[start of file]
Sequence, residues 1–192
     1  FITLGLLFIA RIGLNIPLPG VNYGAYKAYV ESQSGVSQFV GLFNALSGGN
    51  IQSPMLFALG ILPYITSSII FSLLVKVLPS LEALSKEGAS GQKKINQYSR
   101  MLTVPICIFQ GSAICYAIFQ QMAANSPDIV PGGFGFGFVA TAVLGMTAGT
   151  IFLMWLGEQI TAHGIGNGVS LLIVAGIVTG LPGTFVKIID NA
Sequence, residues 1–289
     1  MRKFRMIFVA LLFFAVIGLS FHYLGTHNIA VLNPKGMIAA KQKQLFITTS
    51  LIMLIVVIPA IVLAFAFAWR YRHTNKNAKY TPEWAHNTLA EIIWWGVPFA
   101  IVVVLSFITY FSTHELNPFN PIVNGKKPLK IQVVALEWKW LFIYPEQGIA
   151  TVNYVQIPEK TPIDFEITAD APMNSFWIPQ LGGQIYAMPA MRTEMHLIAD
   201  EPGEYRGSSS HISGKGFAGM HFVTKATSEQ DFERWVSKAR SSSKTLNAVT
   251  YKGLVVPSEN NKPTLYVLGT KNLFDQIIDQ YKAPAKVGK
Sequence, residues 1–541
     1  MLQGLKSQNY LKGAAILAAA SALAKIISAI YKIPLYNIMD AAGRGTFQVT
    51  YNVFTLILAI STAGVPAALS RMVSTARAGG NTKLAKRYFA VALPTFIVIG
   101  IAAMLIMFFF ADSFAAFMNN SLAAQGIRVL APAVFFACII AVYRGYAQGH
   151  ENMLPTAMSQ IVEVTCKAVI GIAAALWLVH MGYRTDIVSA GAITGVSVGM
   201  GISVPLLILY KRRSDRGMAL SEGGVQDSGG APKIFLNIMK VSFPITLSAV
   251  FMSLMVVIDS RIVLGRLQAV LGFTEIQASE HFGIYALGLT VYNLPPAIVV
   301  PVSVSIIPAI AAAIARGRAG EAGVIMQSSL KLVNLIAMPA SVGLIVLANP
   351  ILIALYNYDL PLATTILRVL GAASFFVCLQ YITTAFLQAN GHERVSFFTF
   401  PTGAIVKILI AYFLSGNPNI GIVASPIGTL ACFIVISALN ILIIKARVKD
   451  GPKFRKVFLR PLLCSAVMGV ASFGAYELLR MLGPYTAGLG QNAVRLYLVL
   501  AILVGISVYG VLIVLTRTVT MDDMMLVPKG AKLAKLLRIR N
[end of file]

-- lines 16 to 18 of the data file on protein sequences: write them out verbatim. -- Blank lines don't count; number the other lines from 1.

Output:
   101  IAAMLIMFFF ADSFAAFMNN SLAAQGIRVL APAVFFACII AVYRGYAQGH
   151  ENMLPTAMSQ IVEVTCKAVI GIAAALWLVH MGYRTDIVSA GAITGVSVGM
   201  GISVPLLILY KRRSDRGMAL SEGGVQDSGG APKIFLNIMK VSFPITLSAV